To Be Invisible or Not: Understanding Experiences of Underrepresented Students in STEM

  • Jocelyn Jackson (Iowa State University)
  • Rudisang Motshubi (Iowa State University)
  • Blayne Stone (Iowa State University)


Despite attention from federal and institutional policy makers, underrepresented students in science, technology, engineering, and mathematics (STEM) continue to face significant barriers towards persistence and completion (Baber, 2015; National Science Foundation, 2017). Research suggests that campus-level programs focused on engaging underrepresented students majoring in STEM fields foster aspirations, involvement, and success (Strayhorn, 2010). The purpose of this presentation is to examine experiences of student participants in the Iowa-Illinois-Nebraska Louis Stokes Alliance for Minority Participation (IINSPIRE-LSAMP) program across the 16-campus alliances led by researchers at Iowa State University. During the 2017-18 academic year researchers employed a qualitative research design. Individual interviews were conducted with twenty undergraduate students participating in programs across the alliance. The following themes will be presented from the study: knowledge acquisition, identity challenges, LSAMP opportunities and support, hands-on learning and research, and student aspirations for advanced education. Following description of the findings we will provide three areas of recommendations related to networking, support systems, and research opportunities. We conclude with implications for practice, contributing to a better understanding of campus-level practices that support persistence of students from underrepresented populations in STEM education.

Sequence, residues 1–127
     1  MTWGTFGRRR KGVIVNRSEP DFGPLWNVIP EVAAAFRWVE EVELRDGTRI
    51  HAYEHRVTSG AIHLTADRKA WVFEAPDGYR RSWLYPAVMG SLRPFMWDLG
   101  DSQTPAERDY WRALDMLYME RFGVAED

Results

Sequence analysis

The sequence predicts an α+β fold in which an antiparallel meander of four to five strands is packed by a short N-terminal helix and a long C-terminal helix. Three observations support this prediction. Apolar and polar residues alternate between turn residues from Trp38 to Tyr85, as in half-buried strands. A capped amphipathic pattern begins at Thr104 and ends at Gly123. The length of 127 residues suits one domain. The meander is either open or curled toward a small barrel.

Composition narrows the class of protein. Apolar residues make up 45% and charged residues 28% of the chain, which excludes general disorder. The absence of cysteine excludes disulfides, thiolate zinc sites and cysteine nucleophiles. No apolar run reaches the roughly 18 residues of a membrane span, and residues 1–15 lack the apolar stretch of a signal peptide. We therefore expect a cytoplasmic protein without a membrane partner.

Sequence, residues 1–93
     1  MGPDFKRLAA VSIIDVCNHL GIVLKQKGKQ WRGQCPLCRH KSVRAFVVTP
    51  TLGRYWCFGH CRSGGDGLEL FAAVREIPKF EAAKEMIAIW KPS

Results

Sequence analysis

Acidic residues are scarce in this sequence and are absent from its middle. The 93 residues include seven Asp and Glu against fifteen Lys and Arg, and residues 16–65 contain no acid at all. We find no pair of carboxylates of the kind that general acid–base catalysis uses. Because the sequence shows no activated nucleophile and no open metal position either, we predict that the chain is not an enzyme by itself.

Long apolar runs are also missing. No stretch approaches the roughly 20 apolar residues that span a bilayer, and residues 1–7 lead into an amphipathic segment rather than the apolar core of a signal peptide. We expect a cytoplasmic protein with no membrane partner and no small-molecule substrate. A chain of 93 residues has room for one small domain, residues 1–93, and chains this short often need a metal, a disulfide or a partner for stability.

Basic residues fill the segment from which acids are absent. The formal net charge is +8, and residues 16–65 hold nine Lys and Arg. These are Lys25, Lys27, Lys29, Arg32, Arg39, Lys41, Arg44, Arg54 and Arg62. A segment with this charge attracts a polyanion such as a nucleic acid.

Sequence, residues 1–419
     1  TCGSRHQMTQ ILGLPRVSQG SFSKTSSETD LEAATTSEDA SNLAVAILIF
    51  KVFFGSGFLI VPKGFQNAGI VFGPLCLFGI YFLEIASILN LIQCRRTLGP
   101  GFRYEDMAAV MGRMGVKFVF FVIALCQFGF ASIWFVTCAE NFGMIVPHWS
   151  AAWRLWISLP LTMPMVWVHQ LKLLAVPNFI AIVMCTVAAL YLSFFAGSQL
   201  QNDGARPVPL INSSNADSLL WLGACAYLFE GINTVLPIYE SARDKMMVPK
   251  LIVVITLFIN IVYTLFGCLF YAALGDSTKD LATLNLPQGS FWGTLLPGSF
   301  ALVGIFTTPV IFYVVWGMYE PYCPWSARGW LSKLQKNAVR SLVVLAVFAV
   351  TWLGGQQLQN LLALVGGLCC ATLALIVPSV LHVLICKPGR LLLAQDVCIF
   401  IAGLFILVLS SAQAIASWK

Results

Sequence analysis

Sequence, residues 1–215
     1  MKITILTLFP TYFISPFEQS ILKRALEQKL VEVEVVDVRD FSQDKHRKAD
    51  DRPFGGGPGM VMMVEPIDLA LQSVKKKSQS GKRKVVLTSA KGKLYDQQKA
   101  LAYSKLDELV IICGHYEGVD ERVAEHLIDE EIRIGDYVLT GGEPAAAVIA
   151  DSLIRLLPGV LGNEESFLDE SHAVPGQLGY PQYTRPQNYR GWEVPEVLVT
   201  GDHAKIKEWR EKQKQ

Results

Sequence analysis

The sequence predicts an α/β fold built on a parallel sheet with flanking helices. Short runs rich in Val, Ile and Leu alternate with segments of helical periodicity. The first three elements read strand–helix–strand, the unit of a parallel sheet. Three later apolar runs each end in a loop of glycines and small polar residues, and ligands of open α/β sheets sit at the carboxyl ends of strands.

Published on
28 Feb 2019